Corn, also called maize, did not always grow in North America but was original to Central America where it grew as a grass (teosinte). Through the cultivation methods of the indigenous people, corn cobs and kernels that were once only a few inches long with eight rows of small kernels were transformed over thousands of years to the corn that we recognize today. Corn continues to be critical to the success of our country. Corn is the largest crop grown in the United States. 91.7 million acres were planted in 2019, according to the USDA, which is equivalent to 69 million football fields.
It is important to remember that corn production today began with the sharing of seeds and instructions on how to grow corn by local indigenous people with newly arrived English settlers. Every part of the corn plant was used. Corn cobs were used as fuel. Corn husks were braided into masks, mats, dolls, and baskets. Corn was a main food source, ground into corn meal for breads and puddings.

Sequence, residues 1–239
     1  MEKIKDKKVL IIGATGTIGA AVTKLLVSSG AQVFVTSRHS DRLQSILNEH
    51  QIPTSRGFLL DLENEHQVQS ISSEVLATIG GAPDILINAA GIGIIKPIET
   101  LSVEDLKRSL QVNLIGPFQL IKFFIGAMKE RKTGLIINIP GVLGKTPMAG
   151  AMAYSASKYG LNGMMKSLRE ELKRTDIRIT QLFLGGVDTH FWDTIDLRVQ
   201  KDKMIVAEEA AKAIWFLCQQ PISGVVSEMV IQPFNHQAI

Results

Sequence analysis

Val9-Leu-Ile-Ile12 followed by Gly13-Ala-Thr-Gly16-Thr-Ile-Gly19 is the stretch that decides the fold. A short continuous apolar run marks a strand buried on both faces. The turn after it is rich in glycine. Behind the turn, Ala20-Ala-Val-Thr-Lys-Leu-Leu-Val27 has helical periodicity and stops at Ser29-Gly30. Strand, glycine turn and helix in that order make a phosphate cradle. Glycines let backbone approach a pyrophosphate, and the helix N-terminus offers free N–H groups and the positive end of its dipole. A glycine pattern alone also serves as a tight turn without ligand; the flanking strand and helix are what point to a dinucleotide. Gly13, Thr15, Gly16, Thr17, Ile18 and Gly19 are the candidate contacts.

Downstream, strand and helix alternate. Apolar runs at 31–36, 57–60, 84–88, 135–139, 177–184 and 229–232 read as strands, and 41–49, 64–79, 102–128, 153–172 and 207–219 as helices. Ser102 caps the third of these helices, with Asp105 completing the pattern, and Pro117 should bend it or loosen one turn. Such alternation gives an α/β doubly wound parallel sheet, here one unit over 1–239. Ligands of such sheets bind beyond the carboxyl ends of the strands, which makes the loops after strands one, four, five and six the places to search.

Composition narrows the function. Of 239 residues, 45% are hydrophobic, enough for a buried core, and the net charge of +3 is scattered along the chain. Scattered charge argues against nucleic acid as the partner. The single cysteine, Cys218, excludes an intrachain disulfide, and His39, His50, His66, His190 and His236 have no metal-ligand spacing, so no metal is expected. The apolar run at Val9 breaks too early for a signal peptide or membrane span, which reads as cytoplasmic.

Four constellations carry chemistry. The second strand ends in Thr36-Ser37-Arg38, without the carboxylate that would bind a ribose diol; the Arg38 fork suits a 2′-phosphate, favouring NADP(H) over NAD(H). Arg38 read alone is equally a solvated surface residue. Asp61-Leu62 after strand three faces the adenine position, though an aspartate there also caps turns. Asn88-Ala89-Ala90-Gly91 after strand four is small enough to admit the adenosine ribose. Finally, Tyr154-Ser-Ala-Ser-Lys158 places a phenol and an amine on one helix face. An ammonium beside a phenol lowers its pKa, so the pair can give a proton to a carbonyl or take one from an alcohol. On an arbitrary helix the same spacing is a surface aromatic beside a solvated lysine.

In 1990, President George H. W. Bush established November as National American Indian Heritage Month, today known as Native American Heritage Month.
To learn more about the Native American History of Corn: http://www.nativetech.org/cornhusk/cornhusk.html with an additional link to recipes.
Hear Traci Sorrel’s We Are Grateful Otsaliheliga: https://www.youtube.com/watch?v=xLD5YbPXSl8
For the history of the corn husk doll from the Frisco Native American Museum & Natural History Center in North Carolina: https://nativeamericanmuseum.org/22-september-2014-corn-husk-doll-2/
More about the origin of the corn husk doll with directions to make one: https://www.youtube.com/watch?v=GSuqtFAgjys
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